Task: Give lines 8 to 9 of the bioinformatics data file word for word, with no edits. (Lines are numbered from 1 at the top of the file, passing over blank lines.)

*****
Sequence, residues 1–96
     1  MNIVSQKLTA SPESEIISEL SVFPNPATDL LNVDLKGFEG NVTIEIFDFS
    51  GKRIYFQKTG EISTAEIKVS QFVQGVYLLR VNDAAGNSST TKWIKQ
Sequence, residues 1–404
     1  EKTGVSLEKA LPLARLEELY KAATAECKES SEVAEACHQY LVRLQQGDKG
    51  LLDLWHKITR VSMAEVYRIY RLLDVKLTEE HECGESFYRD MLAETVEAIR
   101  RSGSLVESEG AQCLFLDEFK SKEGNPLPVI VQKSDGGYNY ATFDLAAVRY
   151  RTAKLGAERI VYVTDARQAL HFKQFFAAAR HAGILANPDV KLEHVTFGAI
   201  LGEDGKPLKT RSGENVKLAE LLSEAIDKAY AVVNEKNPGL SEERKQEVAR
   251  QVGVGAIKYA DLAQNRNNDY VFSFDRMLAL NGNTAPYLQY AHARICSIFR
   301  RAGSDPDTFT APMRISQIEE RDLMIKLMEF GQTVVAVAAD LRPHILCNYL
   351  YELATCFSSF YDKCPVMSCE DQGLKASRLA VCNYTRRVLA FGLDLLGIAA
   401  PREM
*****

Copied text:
   151  RTAKLGAERI VYVTDARQAL HFKQFFAAAR HAGILANPDV KLEHVTFGAI
   201  LGEDGKPLKT RSGENVKLAE LLSEAIDKAY AVVNEKNPGL SEERKQEVAR